LEXINGTON, Ky (WHAS11) -- Before hundreds of Lexington business leaders and with about 25 protesters rallying against him outside Lexington's Hyatt Hotel, Kentucky senior senator Mitch McConnell on Friday explained how and why he brokered a fiscal cliff deal and insisted that any future deals must include spending cuts.
"My opinion is these last minute deals are no way to run the government," McConnell said, calling the national debt the single biggest issue of our time.
In late December, after Senate Majority Leader Harry Reid (D-Nevada) failed to respond to President Obama's urging to make a proposal, McConnell said he reached out to Vice-President Joe Biden for the deadline deal.
"At 2am on January 1, the Senate voted to provide permanent, permanent tax relief for 99 percent of American taxpayers," McConnell said.
Until then, "No one in the Republican Party had any leverage anyway," McConnell said, "because rates we're going up."
McConnell is insisting on spending cuts, not more tax increases in the next budget showdown, triggering one challenging question from the the friendly Lexington Chamber crowd.
"Your position is now, that one half of the equation is not even up for discussion," a luncheon guest said to McConnell during a question and answer session.
"Well I wish it were one half of the equation," McConnell responded. "You may have heard me also say that if the President had gotten everything he wanted, that is, rates above ($250,000 per year in income), that would have paid for the government for eight days. I mean, the point is, it doesn't have anything serious to do with the problem. This is not a revenue problem. It's a spending problem."
With signs reading "Mighty Mitch Failed the Day," and "Not a Fiscal Cliff Hero," a protest organized by Progress Kentucky, a liberal political action committee, railed against McConnell's narrative of the fiscal cliff deal.
"You can't give credit to the villain that got us on the fiscal cliff for getting us on the fiscal cliff," said Cherise Williams of Louisville.
The super-pac's characterizations of McConnell as a self-serving obstructionist coincided with McConnell's cooperation with the Obama administration.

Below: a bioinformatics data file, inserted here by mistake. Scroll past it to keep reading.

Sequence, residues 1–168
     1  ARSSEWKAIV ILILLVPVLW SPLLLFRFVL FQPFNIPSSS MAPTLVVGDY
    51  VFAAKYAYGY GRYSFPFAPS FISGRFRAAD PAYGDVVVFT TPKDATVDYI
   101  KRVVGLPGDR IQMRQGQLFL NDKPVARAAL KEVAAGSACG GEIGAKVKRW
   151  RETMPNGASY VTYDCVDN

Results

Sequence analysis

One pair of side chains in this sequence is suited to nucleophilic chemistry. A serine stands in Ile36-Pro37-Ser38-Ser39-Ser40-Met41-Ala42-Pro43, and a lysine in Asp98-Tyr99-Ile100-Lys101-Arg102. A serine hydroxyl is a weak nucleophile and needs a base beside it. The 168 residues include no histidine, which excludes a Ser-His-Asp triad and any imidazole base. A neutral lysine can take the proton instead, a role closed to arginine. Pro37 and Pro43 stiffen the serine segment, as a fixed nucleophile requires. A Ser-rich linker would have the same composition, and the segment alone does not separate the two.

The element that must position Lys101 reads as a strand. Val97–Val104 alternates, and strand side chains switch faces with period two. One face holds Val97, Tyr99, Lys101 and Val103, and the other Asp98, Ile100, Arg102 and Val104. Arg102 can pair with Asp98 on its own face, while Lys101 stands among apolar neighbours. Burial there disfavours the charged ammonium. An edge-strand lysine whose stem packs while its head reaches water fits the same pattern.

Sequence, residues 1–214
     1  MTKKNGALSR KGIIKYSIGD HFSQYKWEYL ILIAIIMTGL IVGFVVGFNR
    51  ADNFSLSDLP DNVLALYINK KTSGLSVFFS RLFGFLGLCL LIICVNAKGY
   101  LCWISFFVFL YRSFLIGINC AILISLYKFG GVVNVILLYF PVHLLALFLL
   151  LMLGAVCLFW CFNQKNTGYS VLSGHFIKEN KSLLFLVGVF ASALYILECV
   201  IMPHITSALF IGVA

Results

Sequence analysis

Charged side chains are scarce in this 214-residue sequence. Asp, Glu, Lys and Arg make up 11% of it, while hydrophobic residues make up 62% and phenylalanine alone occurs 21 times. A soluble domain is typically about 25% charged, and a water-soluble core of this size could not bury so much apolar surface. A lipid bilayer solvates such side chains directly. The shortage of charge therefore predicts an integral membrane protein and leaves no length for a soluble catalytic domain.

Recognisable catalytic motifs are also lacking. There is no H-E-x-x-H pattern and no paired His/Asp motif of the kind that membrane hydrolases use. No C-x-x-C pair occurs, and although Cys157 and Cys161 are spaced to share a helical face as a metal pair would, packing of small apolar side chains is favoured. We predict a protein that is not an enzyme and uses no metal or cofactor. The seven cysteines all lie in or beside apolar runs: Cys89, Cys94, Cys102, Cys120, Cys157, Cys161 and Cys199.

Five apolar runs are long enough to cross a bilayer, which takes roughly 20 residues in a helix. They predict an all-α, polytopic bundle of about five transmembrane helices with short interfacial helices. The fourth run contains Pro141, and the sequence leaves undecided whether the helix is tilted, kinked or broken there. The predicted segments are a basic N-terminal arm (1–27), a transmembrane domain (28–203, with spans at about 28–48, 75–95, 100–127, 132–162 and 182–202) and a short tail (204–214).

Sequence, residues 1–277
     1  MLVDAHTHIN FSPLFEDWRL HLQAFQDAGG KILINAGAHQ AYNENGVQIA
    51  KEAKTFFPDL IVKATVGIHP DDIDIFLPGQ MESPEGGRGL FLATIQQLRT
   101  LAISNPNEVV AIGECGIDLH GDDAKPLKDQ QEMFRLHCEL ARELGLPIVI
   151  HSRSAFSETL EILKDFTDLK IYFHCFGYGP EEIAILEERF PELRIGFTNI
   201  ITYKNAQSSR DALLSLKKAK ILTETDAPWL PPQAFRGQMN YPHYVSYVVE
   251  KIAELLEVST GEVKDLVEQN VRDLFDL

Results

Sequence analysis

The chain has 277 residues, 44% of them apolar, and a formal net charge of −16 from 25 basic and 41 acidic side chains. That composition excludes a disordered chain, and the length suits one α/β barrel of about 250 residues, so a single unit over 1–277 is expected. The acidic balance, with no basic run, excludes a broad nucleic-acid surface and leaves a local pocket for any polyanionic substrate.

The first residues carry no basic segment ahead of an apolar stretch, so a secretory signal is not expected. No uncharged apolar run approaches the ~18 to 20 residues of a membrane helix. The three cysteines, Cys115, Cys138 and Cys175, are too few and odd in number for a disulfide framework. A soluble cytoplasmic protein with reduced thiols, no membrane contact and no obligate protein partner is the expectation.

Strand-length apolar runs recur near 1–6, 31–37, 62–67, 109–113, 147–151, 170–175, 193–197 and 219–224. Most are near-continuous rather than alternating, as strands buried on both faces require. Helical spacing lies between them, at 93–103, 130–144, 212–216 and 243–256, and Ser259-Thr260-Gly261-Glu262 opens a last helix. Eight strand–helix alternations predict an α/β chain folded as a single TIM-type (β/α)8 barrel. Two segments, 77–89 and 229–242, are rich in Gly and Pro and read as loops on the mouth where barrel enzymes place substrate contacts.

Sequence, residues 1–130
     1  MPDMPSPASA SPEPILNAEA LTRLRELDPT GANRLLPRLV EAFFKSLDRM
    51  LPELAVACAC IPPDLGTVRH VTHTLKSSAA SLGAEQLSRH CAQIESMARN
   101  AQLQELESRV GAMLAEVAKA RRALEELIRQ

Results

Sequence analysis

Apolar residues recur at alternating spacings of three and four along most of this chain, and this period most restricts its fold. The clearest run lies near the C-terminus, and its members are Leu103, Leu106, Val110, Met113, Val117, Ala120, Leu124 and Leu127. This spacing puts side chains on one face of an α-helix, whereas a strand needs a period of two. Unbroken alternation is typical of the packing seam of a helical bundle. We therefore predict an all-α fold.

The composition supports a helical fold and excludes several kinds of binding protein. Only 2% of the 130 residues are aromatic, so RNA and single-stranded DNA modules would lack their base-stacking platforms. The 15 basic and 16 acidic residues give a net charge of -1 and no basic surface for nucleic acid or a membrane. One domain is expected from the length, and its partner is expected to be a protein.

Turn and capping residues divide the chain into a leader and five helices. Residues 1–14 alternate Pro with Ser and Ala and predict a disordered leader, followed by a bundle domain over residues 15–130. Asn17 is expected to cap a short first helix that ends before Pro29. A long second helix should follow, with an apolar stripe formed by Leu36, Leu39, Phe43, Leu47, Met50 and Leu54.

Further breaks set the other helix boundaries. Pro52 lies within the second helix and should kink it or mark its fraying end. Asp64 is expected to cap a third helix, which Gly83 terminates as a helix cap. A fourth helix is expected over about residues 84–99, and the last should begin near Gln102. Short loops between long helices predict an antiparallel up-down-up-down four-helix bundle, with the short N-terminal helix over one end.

"Our big issue with McConnell on the fiscal cliff deal is that he is now trying to take credit for solving the very crisis that he created," said Shawn Reilly, Progress Kentucky's Executive Director. "And to us it's akin to a hostage taker then releasing his hostages and saying 'I deserve credit. I released the hostages. Aren't I such a great guy?'"
"When the American people choose to have divided government, that means you're going to get a result... neither side can totally get it their way," McConnell told the Lexington Chamber crowd.
"I don't know how that came about," said Rebecca Lorenzo of Lawrenceburg. "But it wasn't to serve the American people. It wasn't to serve Kentucky. It was to serve Mitch McConnell."
"Senator McConnell enjoyed a very productive discussion with Kentuckians about job creation, economic growth, and the need to cut Washington spending to reduce the debt," countered a statement from McConnell's office. "A handful of professional protesters may be too much for the local media to resist but they won't divert Senator McConnell's attention away from the economic concerns of Kentuckians.”
McConnell acknowledged that some fellow Republicans were not happy with the fiscal cliff dead.
"The constitution itself was a series of compromises so I don't believe compromise is a bad word," he said.
No primary challenger from the Tea Party wing of the Republican Party in Kentucky has surfaced for the 2014 race. On the Democratic Party side, only Owensboro contractor Ed Marksberry has officially entered the race.
"Our sole focus is on electing a new U.S. Senator to represent Kentucky," Reilly said.
Yet the search for a bonafide candidate has resembled a scavenger hunt. Progress Kentucky launched an online petition drive asking 22 politicians to enter the race.
"I bet we have plenty of people who come and run against him an I think that we are encouraging that to happen right here," Lorenzo said.
"Right now, the two names I have heard are Tom Massie on the right and then Alison Lundergan Grimes on the left,"p Reilly said.
While newly elected U.S. Rep. Thomas Massie has said he would not mount a primary challenge, Kentucky Secretary of State Alison Lundergan Grimes has not ruled out challenging McConnell.
"A challenger needs to come out by the end of February and then a real big name candidate can probably wait until March," Reilly said. "But we need somebody now and we need somebody fast.
And, Kentucky Democrats are holding their breath for a game changer.
Could that be Ashley Judd?
Judd has only said that she is "very honored" by the consideration.
WHAS11 News has learned that Judd plans to attend the Kentucky Society's Inauguration Bluegrass Ball Saturday night in Washington, D.C..
Kentucky Society President Winn Williams said the group had been negotiating with Judd's representatives regarding her desire to speak at the event, perhaps honoring her for her humanitarian work.
Democrats will be hanging on her every word.